Monday, May 26, 2014

Metro Beach banding report - May 17-24, 2014

As we head into the latter half of May, the weather has improved, although warbler and thrush migration has not. It is an odd mix of the typical species for this time of year and some typically early species lingering later than normal. The higher than normal water levels in the marsh and swamp are reflected in the rail and shorebirds banded this spring. But on the negative side, much of the area is flooded enough to attract Mallards, and a female decided to try to land in one of the Willow nets, with disastrous results to the net; two huge holes. Late May also brings increasing numbers of flycatchers, including my favorites, the Empidonax, and this week we are off to a good start.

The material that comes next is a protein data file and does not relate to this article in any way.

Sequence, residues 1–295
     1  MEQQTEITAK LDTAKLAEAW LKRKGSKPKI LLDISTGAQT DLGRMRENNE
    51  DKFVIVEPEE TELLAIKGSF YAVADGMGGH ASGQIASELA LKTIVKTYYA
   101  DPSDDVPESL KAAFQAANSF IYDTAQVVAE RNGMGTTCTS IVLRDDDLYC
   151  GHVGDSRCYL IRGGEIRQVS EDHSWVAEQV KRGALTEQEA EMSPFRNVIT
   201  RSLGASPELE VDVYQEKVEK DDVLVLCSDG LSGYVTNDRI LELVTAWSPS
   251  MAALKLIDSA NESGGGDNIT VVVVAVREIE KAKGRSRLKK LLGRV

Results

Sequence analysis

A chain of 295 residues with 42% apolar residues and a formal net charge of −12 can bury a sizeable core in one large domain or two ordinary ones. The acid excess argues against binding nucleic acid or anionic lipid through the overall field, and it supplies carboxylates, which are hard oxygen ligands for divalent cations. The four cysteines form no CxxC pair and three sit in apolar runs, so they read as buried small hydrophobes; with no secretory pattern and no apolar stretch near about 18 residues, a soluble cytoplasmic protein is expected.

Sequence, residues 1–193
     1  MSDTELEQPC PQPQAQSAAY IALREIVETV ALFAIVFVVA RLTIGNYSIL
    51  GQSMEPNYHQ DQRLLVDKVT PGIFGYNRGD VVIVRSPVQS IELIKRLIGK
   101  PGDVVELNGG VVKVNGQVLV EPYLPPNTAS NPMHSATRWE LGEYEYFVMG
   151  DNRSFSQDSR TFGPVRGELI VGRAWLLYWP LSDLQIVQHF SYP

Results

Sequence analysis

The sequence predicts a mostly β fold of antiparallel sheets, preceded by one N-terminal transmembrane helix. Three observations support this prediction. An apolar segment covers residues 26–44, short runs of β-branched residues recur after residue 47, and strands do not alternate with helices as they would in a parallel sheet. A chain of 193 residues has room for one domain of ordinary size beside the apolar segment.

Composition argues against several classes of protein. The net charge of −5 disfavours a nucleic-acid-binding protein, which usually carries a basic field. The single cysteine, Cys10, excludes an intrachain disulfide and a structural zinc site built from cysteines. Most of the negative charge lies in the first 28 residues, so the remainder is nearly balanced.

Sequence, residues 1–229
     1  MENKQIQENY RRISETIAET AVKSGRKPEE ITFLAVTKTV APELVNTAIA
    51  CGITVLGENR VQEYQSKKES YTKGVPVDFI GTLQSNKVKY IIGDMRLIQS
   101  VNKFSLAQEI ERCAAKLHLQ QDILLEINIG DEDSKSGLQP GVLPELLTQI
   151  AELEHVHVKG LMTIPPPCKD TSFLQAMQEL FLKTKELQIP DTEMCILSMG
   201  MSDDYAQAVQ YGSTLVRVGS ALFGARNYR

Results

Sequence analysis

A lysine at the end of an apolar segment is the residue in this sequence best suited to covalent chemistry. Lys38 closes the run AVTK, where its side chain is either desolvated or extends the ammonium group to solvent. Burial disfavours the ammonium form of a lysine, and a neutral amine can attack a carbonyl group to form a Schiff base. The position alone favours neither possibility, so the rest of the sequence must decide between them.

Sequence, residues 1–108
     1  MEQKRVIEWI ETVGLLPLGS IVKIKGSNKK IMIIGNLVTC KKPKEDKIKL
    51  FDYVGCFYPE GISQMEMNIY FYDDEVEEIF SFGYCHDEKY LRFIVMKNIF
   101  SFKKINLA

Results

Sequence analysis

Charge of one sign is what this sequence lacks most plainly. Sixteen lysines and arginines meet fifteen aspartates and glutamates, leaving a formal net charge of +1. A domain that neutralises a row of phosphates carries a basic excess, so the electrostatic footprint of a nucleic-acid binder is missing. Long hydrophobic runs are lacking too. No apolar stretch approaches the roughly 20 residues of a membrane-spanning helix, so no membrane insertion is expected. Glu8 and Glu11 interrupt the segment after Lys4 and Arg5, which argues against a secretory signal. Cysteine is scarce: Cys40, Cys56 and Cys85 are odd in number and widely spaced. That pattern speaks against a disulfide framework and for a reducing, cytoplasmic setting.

Highlights of the 51 birds banded on Saturday, May 17, and particularly of the 25 birds recaptured, included an adult female Ruby-throated Hummingbird that had originally been banded in spring 2013. Only a few hummingbirds are banded at this site in spring (10 times as many in the fall), and there is not a lot of suitable breeding habitat in the park, so having a returning bird is always a good thing.
After hatch-year female Ruby-throated Hummingbird

And I was hopeful that once again we would document the continuing presence of "Lucky" the Song Sparrow; wearing band number 2281-10323, which I have committed to memory since I've recaptured him more than 25 times since banding him as an after hatch-year in 2007, making him at least 7 years 11 months old. He turned up again today, in a net he is not often captured in, and ready to breed as evidenced  by his enlarged cloacal protuberance.
"Lucky", an after 8th year male Song Sparrow